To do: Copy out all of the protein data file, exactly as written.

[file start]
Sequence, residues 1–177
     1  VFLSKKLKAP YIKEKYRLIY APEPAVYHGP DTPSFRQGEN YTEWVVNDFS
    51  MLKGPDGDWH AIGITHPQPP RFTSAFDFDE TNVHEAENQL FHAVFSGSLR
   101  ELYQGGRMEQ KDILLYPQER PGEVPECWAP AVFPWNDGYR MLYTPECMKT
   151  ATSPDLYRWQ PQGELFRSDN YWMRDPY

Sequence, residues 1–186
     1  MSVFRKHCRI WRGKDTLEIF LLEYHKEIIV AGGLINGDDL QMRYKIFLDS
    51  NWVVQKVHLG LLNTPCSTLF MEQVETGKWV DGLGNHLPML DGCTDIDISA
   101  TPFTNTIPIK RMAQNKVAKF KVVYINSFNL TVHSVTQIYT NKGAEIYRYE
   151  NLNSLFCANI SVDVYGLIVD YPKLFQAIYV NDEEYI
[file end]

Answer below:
Sequence, residues 1–177
     1  VFLSKKLKAP YIKEKYRLIY APEPAVYHGP DTPSFRQGEN YTEWVVNDFS
    51  MLKGPDGDWH AIGITHPQPP RFTSAFDFDE TNVHEAENQL FHAVFSGSLR
   101  ELYQGGRMEQ KDILLYPQER PGEVPECWAP AVFPWNDGYR MLYTPECMKT
   151  ATSPDLYRWQ PQGELFRSDN YWMRDPY

Sequence, residues 1–186
     1  MSVFRKHCRI WRGKDTLEIF LLEYHKEIIV AGGLINGDDL QMRYKIFLDS
    51  NWVVQKVHLG LLNTPCSTLF MEQVETGKWV DGLGNHLPML DGCTDIDISA
   101  TPFTNTIPIK RMAQNKVAKF KVVYINSFNL TVHSVTQIYT NKGAEIYRYE
   151  NLNSLFCANI SVDVYGLIVD YPKLFQAIYV NDEEYI